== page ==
Jan. 24, Atlanta, GA (AP by James Pilcher)--Eighty-year-old oak trees and utility poles toppled under the weight of ice as a stronger-than-expected storm battered northern Georgia and spread rain and snow elsewhere along the East Coast.
More than 500,000 utility customers were blacked out during the weekend storm in Georgia, most in the Atlanta area, and some 170,000 still had no heat or lights today. Officials said it could be Tuesday before most see service restored.
``I've never seen anything like this, and I've been living here all my life,'' said Margaret Brownlee, an Atlanta resident whose two cars were crushed by falling branches.
The storm early Sunday also dropped snow and freezing rain on other parts of the southern Appalachians, and locally heavy rain fell across coastal areas of Georgia and the Carolinas. Up to 8 inches of snow fell in some areas of North Carolina. Late Sunday, southern Louisiana was hammered by hail as big as golf balls.
Thousands of people also lost power in South Carolina, North Carolina and Alabama.
Alabama, North Carolina, Georgia and South Carolina each blamed one traffic death on the weather. In the middle of the country, 10 people were killed in Missouri in a fiery pileup on a highway made slippery by another storm.
In the West, meanwhile, a storm that started during the weekend in the Sierra Nevada along the California-Nevada state line had dumped as much as 2 feet of snow by late morning today, and the National Weather Service said an additional 4 feet of snow was possible at higher elevations by Tuesday.
Fist-sized snowflakes fell today between Reno and Carson City on the Nevada side of the mountain range. ``There's snow and slush and ice down there,'' said Nevada Highway Patrol Trooper Jeff Bowers.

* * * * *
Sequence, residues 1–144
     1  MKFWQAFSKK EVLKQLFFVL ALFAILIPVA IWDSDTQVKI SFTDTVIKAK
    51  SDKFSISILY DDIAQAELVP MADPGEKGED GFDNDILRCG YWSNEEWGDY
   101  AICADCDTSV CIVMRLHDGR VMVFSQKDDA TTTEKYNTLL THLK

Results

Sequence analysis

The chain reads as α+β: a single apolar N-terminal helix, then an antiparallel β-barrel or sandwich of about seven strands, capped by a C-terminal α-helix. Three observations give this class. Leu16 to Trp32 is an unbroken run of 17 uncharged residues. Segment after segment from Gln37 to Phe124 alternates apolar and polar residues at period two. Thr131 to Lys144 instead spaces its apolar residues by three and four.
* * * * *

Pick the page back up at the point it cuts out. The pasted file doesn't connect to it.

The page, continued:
Many northern Georgia schools were closed today because they had no electricity, and some counties in the two Carolinas and Alabama closed schools today because of icy roads.
The Red Cross in Georgia opened seven shelters for people without heat and Georgia Gov. Roy Barnes declared a state of emergency in 20 counties.
More rain fell in Georgia today but temperatures stayed above freezing. A winter storm warning was issued for parts of North Carolina.
More than 2,000 utility workers struggled over slippery roads to reach downed power lines.
``This is the worst storm since Hurricane Opal came through in 1996, and it took six days to get power fully restored for that one,'' said Becky Blaylock, a spokeswoman for Georgia Power. ``And if it keeps raining and it freezes again ... we could be looking at more people without power. We're in for a long haul.''
Atlanta's Hartsfield International Airport remained open during the storm, but travelers faced long delays Sunday as crews de-iced planes.
Fallen trees and power lines blocked about 20 roads in northern counties on Sunday, said Vicki Gavalas, a State Department of Transportation spokeswoman.
``If my neighborhood is any indication, they're snapping like matchsticks,'' she said.
Late Saturday, a U.S. Airways jet that had landed at North Carolina's Charlotte-Douglas International Airport slid onto a grassy area as it turned onto a taxiway. No injuries were reported.
In central Tennessee, where 3 1/2 inches of snow fell Saturday, a de-icing truck nicked the wing of a Northwest Airlines DC-9 at Nashville International Airport. No one was injured.
In South Carolina, where up to 6 inches of snow fell, traffic on parts of Interstate 85 came to a standstill in several spots because of slippery pavement and accidents.
More than 70,000 customers lost power in South Carolina. Some 20,000 were blacked out in North Carolina but most were back in service by late Sunday. In northeast Alabama, about 33,000 residents were expected to remain without power until Tuesday.
Copyright (c) 2000 The Associated Press